NASA is set to launch an ambitious mission to Mars tomorrow with the lift-off of its next-generation Perseverance rover, a six-wheeled robot tasked with deploying a mini helicopter, testing out equipment for future human missions and searching for traces of past Martian life.
The $2.4bn mission, scheduled for lift-off at 12.50 Irish time from Florida's Cape Canaveral, is planned as the US space agency's ninth trek to the Martian surface.
Launching atop an Atlas 5 rocket from the Boeing-Lockheed joint venture United Launch Alliance, the car-sized Perseverance rover is expected to reach Mars next February.
It is due to land at the base of a 250-meter crater called Jezero, a former lake from 3.5 billion years ago that scientists believe could hold traces of potential past microbial Martian life.
"This is the first time in history where we're going to go to Mars with an explicit mission to find life on another world," NASA administrator Jim Bridenstine told a news briefing.
The rover will attempt for the first time to bring Martian rock samples back to Earth, collecting materials in cigar-sized capsules and leaving them scattered on the surface for retrieval by a future "fetch" rover.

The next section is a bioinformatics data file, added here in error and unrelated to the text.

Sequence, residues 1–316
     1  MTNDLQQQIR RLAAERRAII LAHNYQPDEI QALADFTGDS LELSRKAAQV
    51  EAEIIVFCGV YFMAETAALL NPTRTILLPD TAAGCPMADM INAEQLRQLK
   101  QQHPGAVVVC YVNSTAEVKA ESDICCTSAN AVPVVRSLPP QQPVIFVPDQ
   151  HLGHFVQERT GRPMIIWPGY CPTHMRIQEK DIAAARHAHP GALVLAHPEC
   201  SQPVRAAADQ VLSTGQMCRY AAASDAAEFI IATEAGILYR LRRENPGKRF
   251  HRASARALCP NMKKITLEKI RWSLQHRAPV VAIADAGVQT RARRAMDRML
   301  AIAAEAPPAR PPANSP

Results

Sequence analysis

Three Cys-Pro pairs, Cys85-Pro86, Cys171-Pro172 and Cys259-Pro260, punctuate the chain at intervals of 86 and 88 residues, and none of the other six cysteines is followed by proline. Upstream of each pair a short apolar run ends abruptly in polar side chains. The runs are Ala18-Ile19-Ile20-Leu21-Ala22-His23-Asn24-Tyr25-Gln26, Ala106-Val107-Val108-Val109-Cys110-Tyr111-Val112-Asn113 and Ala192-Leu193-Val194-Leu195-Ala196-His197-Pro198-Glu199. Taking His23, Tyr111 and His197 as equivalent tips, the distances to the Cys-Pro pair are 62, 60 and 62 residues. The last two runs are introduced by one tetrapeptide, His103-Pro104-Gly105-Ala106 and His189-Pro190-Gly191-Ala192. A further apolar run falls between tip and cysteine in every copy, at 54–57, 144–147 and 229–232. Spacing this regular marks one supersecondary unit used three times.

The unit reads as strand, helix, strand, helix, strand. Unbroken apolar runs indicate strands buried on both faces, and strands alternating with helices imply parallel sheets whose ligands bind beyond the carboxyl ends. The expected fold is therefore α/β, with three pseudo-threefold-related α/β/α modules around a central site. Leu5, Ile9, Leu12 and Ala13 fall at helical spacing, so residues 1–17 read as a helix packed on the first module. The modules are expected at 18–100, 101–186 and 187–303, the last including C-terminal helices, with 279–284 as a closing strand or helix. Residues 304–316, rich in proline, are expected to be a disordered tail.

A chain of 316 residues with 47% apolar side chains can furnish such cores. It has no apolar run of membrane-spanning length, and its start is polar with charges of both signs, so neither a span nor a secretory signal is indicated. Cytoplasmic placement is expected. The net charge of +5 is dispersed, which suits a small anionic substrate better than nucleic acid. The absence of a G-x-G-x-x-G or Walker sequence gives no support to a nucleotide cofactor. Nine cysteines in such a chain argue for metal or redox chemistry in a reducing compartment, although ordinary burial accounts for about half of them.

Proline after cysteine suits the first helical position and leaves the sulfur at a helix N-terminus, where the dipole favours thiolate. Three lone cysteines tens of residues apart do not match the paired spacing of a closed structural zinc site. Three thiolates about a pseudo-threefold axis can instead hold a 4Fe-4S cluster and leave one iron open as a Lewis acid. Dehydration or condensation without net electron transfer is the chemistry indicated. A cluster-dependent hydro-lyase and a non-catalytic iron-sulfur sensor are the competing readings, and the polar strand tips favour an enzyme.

That conceptual rover is expected to launch the samples back into space to link up with other spacecraft for an eventual Earth homecoming around 2031.
Also aboard Perseverance is a 1.8-kg autonomous helicopter dubbed Ingenuity that is due to test powered flight on Mars for the first time.
"Imagine a day when we land a robot on Mars and that robot can send maybe a dozen helicopters in different directions to make different discoveries," Mr Bridenstine said.
Since NASA's first Mars rover Sojourner landed in 1997, the agency has sent two others - Spirit and Opportunity - that have revealed the geology of vast Martian plains and found evidence of past water formations, among other discoveries.
NASA has successfully sent three landers - Pathfinder, Phoenix, InSight - as well.
The United States has plans to send astronauts to Mars in the 2030s under its Artemis program, which envisions using a return to the Moon as a testing platform for human missions before making the bigger leap to Mars.